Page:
When the song ended, the minstrel prince bowed low and introduced himself. “I’m a prince, but also a minstrel, my lady,” he said grandly. “A musician of the highest order, in fact. And now that you have been found – by me, it is time to return to your home and ease your father’s sorrow.” He helped Matsu stand and step out of the coffin. “Come my sweet, we shall be wed, and both your family and mine – both very, very, very well-respected families, I must add, will be pleased by our glorious union,” he finished pointedly, eyeing the miners who had also risen shyly to their feet.
Matsu looked from the minstrel prince to the five miners. “Must I really go with you?” she asked the prince. The miners looked at the ground and were silent, but Kimura stepped forward. “Go with him,” he said. “You belong to that world, with him, with your family. Your evil cousin is dead, and he won’t be able to hurt you anymore.” He bowed deeply. “Sayonara.” With that he turned swiftly and walked away. The other four miners followed suit, throwing Matsu brave, sad smiles over their shoulders as they trudged back into the thicket.
“Well,” said the minstrel prince, plucking absently at his shamisen, “thank goodness they didn’t make a scene and try to keep you in these godforsaken backwoods. In fact I rather thought they were happy to get you off their hands. You can never expect these uncultured laborer types to know how to comport themselves before royalty. They’re not like us, you know.” He clasped Matsu’s hand in his. “Shall we?”
Matsu said nothing as the prince led her through the forest; presently they reached the outskirts of the city where her family lived. A thought kept niggling at the back of her mind, this vague feeling that she had left something behind. “Wait,” she said, stopping in her tracks. Then, suddenly, she remembered what it was.
“I’m deeply grateful to you for making such a tremendous effort to bring me back, but I cannot go back with you,” she said.
The minstrel prince turned to look at her, blinked a few times, then said smoothly, “Don’t be silly, Matsu. You’re a national treasure, don’t forget that. Surely you don’t want to throw that all away just to go live in the boondocks, do you?”
Matsu took a step backwards, away from the prince, and firmly said, “Please tell my father that I love him and will visit him one of these days. But I cannot go back to my old life. For the first time since I can remember I’m actually making a choice on my own, and now I choose to be happy. Make a song out of it if you like.” And Matsu turned and walked back into the forest.
She retraced her steps until she came to the abandoned casket, which was now covered with a thin layer of snow. She reached into the wooden box and drew out what she had remembered holding while she was still inside, during those brief, confused moments between waking up and rising from her casket. It was the single glass apple, made of cold, clear crystal that glinted in the winter sun.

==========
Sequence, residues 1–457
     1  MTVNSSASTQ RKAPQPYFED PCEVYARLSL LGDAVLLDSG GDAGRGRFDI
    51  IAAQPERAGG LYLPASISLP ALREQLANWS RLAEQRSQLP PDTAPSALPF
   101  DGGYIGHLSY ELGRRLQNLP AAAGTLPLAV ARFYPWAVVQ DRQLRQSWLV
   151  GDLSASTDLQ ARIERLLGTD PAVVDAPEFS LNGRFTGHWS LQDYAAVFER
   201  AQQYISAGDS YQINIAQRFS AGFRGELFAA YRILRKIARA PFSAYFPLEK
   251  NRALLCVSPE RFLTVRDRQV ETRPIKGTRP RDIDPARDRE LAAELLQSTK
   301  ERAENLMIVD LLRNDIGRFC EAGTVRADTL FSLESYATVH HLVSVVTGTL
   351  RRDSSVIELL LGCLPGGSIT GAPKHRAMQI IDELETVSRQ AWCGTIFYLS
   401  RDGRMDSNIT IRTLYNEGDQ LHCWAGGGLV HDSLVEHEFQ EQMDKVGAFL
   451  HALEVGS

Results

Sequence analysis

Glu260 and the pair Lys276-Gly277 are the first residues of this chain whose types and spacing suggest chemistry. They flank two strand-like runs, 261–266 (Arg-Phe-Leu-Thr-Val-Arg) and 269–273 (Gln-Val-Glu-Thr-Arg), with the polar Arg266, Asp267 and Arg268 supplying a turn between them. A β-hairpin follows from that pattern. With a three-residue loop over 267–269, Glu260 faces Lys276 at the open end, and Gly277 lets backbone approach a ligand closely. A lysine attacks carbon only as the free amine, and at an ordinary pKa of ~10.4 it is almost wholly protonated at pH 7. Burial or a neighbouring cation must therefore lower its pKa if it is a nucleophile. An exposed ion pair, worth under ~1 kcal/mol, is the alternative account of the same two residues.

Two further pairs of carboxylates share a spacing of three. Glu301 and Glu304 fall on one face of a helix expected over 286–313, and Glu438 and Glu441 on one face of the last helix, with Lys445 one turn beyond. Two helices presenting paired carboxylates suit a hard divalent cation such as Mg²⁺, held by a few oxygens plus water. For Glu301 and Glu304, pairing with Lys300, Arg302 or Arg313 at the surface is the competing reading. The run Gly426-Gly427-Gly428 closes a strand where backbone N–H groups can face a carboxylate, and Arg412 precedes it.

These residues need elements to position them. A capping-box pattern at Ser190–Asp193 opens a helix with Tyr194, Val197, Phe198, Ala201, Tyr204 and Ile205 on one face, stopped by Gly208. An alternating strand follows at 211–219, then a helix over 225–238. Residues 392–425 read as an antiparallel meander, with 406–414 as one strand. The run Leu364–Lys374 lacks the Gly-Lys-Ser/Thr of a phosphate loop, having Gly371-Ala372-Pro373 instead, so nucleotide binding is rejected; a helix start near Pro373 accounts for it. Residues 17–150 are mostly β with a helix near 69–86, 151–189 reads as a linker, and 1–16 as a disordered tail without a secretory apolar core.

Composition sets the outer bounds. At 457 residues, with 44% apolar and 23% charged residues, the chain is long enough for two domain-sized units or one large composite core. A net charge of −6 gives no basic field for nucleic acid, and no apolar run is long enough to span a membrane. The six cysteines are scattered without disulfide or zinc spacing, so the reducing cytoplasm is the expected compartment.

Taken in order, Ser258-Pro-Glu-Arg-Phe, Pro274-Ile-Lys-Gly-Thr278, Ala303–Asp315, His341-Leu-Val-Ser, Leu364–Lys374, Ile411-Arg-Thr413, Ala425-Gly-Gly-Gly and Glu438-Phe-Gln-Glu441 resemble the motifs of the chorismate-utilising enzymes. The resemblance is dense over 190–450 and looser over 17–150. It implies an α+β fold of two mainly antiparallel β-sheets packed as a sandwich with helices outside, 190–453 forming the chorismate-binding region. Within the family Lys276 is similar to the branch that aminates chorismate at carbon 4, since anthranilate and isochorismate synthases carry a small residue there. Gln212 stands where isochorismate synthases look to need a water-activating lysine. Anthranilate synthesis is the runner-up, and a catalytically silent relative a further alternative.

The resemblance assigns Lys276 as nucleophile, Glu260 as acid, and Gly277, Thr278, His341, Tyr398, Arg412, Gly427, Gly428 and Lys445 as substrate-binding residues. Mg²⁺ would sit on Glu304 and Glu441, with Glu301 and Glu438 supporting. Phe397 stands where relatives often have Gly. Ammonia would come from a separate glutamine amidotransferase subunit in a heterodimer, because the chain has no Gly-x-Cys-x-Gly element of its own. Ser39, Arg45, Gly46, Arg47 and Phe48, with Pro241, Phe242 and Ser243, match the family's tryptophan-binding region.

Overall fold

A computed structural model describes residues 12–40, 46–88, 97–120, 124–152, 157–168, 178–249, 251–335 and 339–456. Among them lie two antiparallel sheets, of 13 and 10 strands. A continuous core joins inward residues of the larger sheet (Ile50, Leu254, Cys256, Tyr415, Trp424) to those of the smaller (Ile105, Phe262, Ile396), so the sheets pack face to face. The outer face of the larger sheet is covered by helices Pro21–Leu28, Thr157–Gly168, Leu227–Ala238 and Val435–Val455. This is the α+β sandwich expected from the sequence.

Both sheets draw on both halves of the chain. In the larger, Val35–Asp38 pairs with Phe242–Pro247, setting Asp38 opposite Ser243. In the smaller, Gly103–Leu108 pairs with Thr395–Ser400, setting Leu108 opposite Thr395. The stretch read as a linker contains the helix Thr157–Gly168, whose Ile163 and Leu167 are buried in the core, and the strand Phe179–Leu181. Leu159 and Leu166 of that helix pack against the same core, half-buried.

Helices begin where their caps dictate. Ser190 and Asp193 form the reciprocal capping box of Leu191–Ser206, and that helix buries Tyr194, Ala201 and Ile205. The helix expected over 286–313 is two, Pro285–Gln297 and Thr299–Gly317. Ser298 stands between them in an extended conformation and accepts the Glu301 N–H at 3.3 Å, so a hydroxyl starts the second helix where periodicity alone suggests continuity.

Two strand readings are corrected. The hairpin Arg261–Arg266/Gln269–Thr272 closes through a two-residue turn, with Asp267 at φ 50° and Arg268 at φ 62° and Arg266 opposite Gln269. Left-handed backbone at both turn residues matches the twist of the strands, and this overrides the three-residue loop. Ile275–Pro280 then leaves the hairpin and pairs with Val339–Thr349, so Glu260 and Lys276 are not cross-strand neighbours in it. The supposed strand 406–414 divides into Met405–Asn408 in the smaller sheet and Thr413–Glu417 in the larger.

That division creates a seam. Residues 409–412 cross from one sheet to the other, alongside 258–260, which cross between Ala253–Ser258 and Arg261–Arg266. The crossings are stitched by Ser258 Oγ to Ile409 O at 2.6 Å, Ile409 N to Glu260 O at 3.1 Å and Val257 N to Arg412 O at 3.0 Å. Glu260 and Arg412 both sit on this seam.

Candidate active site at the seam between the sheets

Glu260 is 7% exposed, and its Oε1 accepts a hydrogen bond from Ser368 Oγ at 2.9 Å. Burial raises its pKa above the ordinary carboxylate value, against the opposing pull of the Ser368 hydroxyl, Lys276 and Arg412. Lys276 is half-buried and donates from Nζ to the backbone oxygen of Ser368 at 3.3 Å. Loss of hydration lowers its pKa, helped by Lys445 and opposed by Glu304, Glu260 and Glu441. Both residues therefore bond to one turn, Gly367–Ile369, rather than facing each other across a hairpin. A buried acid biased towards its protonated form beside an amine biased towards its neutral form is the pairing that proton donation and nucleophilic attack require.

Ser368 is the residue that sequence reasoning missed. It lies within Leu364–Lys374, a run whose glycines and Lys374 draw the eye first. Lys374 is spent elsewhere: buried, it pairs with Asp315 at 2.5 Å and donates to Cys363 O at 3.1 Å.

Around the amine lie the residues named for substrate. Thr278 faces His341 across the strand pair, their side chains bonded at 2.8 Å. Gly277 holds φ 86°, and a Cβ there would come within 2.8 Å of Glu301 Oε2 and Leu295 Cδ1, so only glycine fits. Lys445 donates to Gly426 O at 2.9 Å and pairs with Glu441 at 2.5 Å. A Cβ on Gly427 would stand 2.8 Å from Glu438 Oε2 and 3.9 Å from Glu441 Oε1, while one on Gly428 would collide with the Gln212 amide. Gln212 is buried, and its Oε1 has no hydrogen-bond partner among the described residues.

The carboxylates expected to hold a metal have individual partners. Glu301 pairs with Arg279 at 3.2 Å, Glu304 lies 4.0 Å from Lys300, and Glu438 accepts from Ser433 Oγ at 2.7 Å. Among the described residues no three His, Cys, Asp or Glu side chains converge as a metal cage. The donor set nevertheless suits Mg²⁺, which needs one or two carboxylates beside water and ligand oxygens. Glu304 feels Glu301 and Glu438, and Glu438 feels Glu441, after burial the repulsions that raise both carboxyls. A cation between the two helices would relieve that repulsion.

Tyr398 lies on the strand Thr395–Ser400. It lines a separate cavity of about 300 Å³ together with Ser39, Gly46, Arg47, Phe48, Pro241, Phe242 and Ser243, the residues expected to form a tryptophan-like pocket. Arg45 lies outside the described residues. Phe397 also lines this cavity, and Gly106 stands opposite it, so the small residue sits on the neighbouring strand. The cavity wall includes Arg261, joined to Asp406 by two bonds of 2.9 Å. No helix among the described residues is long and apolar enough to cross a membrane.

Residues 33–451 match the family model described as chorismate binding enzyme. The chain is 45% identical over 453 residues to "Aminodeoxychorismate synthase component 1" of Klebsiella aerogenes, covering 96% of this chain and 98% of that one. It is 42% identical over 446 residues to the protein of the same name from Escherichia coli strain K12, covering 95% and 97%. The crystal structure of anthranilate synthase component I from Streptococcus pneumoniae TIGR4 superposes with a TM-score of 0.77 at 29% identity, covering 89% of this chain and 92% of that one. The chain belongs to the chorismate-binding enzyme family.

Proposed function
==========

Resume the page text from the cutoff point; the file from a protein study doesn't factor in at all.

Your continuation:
Matsu stuffed the precious apple into the pocket of her robe and ran all the way back to the forest clearing and the cottage she had come to love so dearly, even though it took her the better part of the day. She flung open the door of the house, and saw the miners gathered around the dining table – red-eyed and silent, a cigarette in one hand and a wine goblet in another, nursing their grief in the only way they knew.
“I’m back,” Matsu announced. The miners looked up and rubbed their eyes blearily. “Great. Now I’m starting to imagine things,” Goro said testily. “Me too,” Tsuyoshi mumbled. “Or maybe I’m just drunk… again,” he finished morosely. But Nakai stood up slowly, his eyes widening. “Ano… I don’t… think… we’re just imagining things,” he said. Shingo slapped his cheeks and rose quickly, upending his chair. “It’s her, it really is her!” he roared.
Matsu walked over to them, smiling brightly. “Hello, it’s good to be back,” she said. “But where’s um, the fifth one? You know, um, Smexy?” she asked, her eyes twinkling. The other four chuckled while blowing their noses on their sleeves at the same time. “I think Mr. Smexy went off to the mountaintop, where we used to keep watch over you. He said he wanted to be – well, he just wanted to be alone,” Nakai said.
“Then I must go to him and let him know that I’m back,” Matsu told them. “Wait!” Goro cried. He grabbed his brush and tossed it at Matsu. “Your hair’s a mess,” was all he said. While Matsu was combing the snarls out of her long ebony hair, Tsuyoshi came up behind her. “Um, you know, I’ve always liked you,” he began shyly. “But I think he likes you more,” he finished with a smile. Impulsively, Matsu turned and hugged his bony frame. “I’m lucky to have a friend like you,” she said, and planted a kiss on his cheek, which made him giggle and turn beet red.
Matsu put Goro’s brush down and made straight for the door, then stopped and turned around. “Thank you. For giving me a home – for everything,” she said to the four miners, who waved in return. “Best not keep him waiting,” Nakai said while the others grinned knowingly. When she left the cottage she could hear them singing merrily, and in four different voices, a familiar ditty of theirs: “Chotto akita kana / (Time to get it on) Go now!!!”